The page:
February 2020 Church & State Magazine | AU Bulletin

An effort to weaken Mexico’s policy of strict separation of church and state has failed.

The proposal, made late last year by a member of the left-wing Morena Party, would have altered Mexico’s Law of Religious Associations and Public Worship to remove a specific reference to a provision ensuring “separation of the State and churches,” reported the Associated Press.

Had it passed, the measure would have given religious groups greater access to media, allowed more church ownership of property and allowed religious leaders to have a greater presence in government-owned facilities.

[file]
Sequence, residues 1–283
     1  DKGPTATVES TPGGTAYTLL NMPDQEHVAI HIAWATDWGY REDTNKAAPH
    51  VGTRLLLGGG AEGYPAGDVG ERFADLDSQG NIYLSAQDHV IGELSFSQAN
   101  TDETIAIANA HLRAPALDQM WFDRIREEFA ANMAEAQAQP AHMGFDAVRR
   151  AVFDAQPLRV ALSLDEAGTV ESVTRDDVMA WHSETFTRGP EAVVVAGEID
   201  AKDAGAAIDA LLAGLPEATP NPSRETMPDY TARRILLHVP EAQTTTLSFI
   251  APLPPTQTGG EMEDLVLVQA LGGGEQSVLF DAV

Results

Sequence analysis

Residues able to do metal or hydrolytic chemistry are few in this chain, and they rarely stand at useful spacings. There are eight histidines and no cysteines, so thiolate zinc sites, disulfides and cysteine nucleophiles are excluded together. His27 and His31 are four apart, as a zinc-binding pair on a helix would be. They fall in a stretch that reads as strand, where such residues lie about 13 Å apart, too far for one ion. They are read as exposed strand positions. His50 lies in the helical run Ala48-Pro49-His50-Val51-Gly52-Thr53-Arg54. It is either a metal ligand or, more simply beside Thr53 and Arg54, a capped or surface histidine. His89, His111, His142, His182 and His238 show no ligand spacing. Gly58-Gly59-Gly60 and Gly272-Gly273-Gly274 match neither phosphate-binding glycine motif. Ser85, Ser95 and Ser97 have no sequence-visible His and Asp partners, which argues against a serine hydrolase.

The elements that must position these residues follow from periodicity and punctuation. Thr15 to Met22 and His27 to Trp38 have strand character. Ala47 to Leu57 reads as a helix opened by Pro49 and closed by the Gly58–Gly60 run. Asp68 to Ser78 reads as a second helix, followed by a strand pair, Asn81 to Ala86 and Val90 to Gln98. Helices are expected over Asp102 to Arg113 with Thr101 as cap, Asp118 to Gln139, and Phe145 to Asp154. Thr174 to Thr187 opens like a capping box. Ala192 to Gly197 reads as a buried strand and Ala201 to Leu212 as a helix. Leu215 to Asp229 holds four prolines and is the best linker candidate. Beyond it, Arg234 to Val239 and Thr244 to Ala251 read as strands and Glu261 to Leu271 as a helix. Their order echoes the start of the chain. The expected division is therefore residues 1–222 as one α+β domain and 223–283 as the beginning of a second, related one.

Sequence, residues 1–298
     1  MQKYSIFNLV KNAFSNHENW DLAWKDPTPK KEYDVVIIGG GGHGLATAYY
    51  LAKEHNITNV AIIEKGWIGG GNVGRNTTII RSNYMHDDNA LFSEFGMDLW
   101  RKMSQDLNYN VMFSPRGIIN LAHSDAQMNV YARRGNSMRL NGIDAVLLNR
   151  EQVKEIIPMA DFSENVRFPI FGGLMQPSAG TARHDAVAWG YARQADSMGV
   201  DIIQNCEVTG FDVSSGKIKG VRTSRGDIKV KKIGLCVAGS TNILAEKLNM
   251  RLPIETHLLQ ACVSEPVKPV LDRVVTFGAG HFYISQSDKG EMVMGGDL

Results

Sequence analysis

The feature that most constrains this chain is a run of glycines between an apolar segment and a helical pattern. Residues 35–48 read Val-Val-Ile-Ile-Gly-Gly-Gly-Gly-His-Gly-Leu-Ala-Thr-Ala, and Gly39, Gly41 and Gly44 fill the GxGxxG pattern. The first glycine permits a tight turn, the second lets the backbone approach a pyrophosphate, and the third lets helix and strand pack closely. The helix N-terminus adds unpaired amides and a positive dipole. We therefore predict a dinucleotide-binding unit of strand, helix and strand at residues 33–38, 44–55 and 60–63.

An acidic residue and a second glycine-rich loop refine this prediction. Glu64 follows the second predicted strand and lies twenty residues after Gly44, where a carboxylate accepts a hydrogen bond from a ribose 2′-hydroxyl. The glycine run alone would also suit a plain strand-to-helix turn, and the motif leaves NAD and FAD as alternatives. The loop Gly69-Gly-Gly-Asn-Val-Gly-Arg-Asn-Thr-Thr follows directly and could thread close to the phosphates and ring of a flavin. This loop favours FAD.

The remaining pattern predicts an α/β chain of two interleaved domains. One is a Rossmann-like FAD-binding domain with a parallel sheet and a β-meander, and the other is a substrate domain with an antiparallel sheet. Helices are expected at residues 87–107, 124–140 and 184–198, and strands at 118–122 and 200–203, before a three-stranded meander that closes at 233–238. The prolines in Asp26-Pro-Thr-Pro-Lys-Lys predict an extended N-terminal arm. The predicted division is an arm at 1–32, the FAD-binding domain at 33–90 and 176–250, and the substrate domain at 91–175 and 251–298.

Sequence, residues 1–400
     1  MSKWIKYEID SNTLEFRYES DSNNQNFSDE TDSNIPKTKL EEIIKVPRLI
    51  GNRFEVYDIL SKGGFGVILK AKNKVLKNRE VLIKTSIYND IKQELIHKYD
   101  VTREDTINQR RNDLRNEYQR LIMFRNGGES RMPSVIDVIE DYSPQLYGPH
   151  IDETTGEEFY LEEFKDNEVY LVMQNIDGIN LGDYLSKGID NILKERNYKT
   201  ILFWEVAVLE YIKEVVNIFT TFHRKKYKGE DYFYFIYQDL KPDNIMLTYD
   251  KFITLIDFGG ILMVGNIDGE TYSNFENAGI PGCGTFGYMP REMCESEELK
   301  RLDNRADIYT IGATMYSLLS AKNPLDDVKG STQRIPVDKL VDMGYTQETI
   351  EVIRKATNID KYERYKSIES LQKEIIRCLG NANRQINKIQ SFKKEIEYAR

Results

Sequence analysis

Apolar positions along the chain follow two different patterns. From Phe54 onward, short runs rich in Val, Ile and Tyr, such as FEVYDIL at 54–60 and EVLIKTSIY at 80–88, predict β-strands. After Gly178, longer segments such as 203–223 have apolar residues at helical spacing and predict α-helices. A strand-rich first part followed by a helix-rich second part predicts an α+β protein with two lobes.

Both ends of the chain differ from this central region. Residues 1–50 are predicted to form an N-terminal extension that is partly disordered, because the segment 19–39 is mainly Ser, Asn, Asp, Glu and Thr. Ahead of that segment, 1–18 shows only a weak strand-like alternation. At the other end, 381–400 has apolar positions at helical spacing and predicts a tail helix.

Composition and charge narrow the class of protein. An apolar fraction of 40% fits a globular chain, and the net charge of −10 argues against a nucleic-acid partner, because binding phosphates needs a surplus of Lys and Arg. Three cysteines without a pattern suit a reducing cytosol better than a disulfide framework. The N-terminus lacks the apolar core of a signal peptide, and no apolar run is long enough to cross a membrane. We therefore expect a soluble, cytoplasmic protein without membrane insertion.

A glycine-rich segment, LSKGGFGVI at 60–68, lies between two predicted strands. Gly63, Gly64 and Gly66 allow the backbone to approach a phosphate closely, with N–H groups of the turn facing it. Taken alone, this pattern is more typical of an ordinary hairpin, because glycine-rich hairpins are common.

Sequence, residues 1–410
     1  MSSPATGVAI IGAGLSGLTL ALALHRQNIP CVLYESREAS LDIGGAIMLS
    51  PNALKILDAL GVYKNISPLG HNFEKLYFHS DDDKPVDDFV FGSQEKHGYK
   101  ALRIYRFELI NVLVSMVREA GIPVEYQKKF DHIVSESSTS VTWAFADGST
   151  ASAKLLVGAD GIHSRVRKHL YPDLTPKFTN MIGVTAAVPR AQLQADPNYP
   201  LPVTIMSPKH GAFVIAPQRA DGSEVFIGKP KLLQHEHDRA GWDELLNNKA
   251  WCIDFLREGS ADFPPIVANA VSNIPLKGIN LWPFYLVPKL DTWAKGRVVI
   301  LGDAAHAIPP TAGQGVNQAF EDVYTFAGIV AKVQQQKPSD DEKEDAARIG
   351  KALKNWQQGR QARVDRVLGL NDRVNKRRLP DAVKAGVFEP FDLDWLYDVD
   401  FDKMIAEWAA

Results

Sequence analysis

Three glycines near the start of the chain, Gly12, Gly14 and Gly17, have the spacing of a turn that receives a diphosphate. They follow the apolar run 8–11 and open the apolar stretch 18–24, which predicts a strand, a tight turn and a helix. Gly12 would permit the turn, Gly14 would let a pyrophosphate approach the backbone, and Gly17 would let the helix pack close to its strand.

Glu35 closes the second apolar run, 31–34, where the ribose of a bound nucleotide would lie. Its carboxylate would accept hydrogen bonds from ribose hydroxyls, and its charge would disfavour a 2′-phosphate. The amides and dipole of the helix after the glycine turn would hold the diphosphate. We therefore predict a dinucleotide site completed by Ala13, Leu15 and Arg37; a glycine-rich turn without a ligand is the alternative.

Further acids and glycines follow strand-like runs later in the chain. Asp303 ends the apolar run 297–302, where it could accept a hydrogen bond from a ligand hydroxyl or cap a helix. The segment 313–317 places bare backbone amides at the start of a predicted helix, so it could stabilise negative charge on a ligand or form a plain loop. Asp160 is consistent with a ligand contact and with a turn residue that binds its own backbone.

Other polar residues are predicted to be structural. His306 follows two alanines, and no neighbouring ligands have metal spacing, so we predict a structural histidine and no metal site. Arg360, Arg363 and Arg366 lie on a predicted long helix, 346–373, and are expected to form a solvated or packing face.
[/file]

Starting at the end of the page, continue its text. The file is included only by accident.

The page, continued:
Mexican President Andrés Manuel López Obrador publicly opposed the measure, effectively killing it.

“I do not think that modifying this principle helps – on the contrary,” López Obrador said. “I think everyone, the majority of Mexicans, agrees that the lay state should prevail, which the constitution establishes. Render unto God what is God’s and unto Caesar what is Caesar’s.”

Sen. Maria Soledad Luévano Cantú, who proposed the change, said her goal was to create an atmosphere where “we can work together so that thousands of religious associations in our country can help Mexico become a country where we all live better off.”